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LG OLED TVs are having production issues – here's why that matters

(Image credit: LG)

After an OLED TV in 2020? There may be a problem – as LG Display’s new Gaungzhou factory is still months behind schedule, and yet to get its manufacturing line up and running (via OLED-info).

The Chinese factory was set up to kickstart production of new OLED TVs, including smaller 48-inch OLED models we expect to see on sale this year. Mass production at the factory was planned for October 2019, but has been delayed months past that point already.

IHS Markit, a global information provider based in the UK, has reduced its forecast for LG’s OLED TV production in the coming year, from 5 million to 4.5 million – and that number could reduce further if problems persist.

What’s the issue? We’re yet to hear from LG Display itself on the continued delay, but the new factory is reportedly employing a number of new technologies designed to improve the efficacy of production – compared to the LG factory in Paju, South Korea – and which may be causing issues.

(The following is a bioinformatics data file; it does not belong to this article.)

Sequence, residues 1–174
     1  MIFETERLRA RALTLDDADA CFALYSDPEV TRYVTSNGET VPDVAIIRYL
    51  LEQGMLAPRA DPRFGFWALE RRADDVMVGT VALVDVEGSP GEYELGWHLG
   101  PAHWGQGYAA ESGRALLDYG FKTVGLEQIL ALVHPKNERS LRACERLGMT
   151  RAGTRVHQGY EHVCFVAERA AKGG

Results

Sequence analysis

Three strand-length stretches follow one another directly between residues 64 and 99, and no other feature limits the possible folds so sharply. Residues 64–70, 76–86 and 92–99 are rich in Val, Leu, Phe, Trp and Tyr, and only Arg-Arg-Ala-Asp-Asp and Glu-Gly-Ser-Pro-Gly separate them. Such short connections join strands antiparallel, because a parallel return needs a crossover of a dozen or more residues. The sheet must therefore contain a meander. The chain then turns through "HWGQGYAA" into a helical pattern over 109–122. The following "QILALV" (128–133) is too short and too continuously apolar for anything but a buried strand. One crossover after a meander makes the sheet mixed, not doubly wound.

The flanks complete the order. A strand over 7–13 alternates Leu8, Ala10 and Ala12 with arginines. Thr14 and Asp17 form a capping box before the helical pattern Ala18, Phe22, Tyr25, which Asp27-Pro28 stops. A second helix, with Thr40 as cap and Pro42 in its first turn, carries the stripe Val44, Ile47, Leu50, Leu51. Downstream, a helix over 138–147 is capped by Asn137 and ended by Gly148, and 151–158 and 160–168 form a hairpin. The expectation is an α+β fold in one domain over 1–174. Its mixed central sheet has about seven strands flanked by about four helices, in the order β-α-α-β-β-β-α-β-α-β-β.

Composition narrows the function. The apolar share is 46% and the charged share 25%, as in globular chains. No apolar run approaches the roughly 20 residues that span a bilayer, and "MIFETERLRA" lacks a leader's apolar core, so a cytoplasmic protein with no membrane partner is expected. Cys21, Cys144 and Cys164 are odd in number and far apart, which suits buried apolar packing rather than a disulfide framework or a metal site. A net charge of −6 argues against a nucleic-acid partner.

The coronavirus outbreak shouldn’t have a direct knock-on effect – unlike with TCL’s OLED factory in Wuhan – though concerns over containing the disease could restrict transportation of materials, or workers’ ability to travel domestically (via IHS Markit).

All TVs great and small

With new 2020 smart TV ranges starting to be shown off, and LG Display still the only manufacturer producing large-screen OLED panels, any hiccup in the production process could set back the number of sets available worldwide, and lead to shortages in various retailers or territories – or at the very least delay the release dates for various OLED televisions landing this year, most of which have yet to commit to specific days for release.

New OLED TV sizes may be the hardest hit, with 48-inch models expected to release in 2020 for select OLED ranges. 

OLED sets have long been stuck at prohibitively expensive price points, with TV brands seeking to offer budget models too early (such as Hisense) now ditching the technology entirely.

Smaller OLED displays have the potential to drastically cut the expense of these traditionally large-screen TV technologies, and companies backing OLED will need cheaper sets to keep building sales momentum – which reached one million units sold over the last quarter of 2019 (via Business Korea).